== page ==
Researchers uncover role of cell type that could lead to a ‘druggable target’ for MND

Research from the Florey Institute of Neuroscience and Mental Health has characterised the involvement of a previously underappreciated cell type which could act as a new target in Motor Neurone Disease (MND) drug discovery.

Currently there is no cure for the 400,000 people estimated to be living with MND globally, a disease characterised by muscle cramps, weakness and eventually paralysis in those who experience the condition.

A new paper from Dr Samantha Barton, Associate Professor Brad Turner and their team of MND researchers at the Florey investigates how a type of cell in the brain and spinal cord, known as oligodendrocytes, has the potential to contribute to the progressive loss of motor neurons in MND.

“Oligodendrocytes produce the protective coating on nerves in the brain and spinal cord, called myelin. The motor neurons that are lost in MND are coated in this insulating myelin sheath and it is essential for normal motor neuron health, function and survival. Despite its importance, its study remains relatively neglected in MND research,” said Dr Barton.

“We wanted to investigate the composition of the myelin sheath in MND patients to see to what extent oligodendrocytes are involved in the disease process. We can then determine if any changes occurring in the myelin sheath could be exacerbating motor neuron dysfunction and therefore contributing to their death,” continued Dr Barton.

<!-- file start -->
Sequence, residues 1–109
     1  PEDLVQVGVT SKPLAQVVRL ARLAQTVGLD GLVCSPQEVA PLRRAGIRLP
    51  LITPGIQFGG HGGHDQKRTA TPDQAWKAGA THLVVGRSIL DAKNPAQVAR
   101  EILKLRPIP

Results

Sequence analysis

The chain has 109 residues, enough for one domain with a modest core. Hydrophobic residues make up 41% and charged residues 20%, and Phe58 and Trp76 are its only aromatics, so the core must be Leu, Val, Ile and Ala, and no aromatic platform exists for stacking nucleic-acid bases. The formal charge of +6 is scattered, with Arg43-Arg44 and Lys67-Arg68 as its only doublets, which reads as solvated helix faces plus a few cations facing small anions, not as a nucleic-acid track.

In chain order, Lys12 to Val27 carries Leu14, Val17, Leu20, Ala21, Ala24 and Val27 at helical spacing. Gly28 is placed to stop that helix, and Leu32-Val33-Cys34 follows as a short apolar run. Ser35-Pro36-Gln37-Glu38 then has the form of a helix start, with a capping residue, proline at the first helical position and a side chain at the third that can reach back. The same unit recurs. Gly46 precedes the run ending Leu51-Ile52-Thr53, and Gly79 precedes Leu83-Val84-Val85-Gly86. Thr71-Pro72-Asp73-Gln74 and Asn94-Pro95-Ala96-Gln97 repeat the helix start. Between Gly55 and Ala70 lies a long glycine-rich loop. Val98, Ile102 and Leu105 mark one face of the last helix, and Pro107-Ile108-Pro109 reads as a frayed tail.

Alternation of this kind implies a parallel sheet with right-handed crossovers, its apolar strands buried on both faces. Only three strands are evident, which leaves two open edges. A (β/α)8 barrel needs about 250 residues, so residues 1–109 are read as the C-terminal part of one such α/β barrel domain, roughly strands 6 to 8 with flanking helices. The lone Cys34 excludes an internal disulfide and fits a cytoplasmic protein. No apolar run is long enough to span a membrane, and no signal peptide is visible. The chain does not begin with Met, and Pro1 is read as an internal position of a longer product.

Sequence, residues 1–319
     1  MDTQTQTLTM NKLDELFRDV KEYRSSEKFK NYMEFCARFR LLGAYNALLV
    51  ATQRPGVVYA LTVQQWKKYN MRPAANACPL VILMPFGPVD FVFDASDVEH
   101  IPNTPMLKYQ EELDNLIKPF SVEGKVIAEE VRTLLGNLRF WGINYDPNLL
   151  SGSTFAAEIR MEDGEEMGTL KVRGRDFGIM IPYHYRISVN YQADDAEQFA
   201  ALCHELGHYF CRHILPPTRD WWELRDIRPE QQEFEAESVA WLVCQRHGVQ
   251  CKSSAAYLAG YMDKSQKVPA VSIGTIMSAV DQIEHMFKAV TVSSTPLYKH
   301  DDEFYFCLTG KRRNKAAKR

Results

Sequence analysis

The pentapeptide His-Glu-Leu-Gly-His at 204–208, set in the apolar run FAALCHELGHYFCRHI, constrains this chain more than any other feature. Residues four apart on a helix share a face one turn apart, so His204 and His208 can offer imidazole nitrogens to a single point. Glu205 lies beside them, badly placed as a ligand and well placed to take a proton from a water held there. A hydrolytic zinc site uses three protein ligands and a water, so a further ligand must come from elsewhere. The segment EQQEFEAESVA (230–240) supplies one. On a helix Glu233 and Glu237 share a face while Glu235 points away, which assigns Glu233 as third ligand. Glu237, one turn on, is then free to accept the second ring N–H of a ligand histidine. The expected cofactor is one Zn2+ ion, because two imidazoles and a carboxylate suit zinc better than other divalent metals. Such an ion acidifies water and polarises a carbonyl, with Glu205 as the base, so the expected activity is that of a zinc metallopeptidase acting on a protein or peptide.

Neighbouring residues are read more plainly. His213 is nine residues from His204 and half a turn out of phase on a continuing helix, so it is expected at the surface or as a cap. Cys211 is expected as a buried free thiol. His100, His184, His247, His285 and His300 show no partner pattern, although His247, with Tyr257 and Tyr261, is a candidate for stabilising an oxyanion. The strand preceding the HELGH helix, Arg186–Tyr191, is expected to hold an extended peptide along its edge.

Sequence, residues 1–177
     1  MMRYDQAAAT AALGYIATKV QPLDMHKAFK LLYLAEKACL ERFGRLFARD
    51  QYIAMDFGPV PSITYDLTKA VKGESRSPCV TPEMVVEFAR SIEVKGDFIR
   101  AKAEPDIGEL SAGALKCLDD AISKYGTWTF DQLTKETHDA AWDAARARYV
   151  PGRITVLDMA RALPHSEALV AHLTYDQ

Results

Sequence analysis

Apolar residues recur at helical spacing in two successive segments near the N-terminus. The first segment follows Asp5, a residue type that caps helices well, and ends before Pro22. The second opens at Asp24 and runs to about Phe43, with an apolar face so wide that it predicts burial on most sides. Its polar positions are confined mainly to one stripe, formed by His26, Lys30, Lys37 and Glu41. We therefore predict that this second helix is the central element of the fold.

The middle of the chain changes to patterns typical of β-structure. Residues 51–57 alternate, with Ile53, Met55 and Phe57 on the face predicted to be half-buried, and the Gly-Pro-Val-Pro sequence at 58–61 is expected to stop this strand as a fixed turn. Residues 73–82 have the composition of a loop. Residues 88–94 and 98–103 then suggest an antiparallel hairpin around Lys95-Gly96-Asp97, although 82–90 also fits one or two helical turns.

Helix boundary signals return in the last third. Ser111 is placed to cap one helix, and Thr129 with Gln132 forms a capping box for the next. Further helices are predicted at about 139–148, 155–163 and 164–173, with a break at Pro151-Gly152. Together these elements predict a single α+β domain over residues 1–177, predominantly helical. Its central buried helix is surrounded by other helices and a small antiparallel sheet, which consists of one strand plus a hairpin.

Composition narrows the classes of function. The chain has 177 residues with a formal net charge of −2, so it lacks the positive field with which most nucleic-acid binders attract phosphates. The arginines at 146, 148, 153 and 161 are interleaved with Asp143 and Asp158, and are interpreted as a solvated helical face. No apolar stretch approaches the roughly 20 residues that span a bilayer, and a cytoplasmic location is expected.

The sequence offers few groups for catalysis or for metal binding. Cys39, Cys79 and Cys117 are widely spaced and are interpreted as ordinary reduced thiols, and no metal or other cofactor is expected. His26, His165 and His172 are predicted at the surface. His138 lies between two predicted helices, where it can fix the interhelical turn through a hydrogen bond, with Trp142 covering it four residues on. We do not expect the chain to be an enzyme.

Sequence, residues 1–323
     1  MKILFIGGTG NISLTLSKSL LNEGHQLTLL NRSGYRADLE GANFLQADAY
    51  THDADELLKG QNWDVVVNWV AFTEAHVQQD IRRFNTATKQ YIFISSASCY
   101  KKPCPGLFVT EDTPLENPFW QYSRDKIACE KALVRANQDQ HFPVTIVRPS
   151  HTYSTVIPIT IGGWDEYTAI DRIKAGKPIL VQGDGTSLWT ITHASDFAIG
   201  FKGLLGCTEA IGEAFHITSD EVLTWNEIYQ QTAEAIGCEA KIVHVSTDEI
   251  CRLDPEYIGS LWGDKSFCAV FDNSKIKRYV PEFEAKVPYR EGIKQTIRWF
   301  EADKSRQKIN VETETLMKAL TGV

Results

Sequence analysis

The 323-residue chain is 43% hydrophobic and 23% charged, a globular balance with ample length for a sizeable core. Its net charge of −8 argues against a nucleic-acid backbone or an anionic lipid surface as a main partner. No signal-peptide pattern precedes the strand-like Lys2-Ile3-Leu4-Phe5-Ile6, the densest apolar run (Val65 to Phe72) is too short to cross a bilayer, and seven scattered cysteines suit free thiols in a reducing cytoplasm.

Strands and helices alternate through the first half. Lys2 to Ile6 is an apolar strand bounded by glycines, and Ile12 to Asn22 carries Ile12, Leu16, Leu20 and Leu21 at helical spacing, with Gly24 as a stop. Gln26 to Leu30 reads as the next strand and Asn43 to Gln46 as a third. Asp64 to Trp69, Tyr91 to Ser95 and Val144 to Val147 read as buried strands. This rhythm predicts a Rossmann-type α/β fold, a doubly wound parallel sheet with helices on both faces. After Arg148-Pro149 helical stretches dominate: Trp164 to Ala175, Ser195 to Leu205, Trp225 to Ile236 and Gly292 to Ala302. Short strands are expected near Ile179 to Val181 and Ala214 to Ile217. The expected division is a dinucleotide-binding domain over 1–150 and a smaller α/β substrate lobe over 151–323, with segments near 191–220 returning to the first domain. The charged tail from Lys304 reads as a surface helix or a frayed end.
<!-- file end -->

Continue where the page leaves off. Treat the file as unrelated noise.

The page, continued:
The team’s research compared MND patient post-mortem brain tissue samples to samples from people without MND, finding a significant difference in myelin composition between the two. A change to myelin composition would likely affect the normal functioning of motor neurons.

“By continuing to characterise how non-neuronal cells, like oligodendrocytes, and their disease pathways contribute to motor neuron dysfunction we hope to discover novel druggable targets for MND. These in turn open new pathways for potential treatments that target the whole disease,” said Associate Professor Turner.

“We will continue our study of oligodendrocyte involvement in MND using a combination of MND patient post-mortem tissue and MND patient stem cell models. We aim to determine whether preserving the health and function of myelin could improve motor neuron health and offer new hope to people living with MND,” said Dr Barton.

This research is now published in Metabolites

This research was made possible by funding received from MND RA Jenny Simko MND Research grant, The Jane Frances Hayes and Frederick William Hayes Charitable Trust, Rebecca L. Cooper Medical Research Foundation Al and Val Rosenstrauss fellowship, Stafford Fox Medical Research Foundation, the Australian Government, and the Victorian Government.

Pictured: A microscope image of myelin from the brain of an MND patient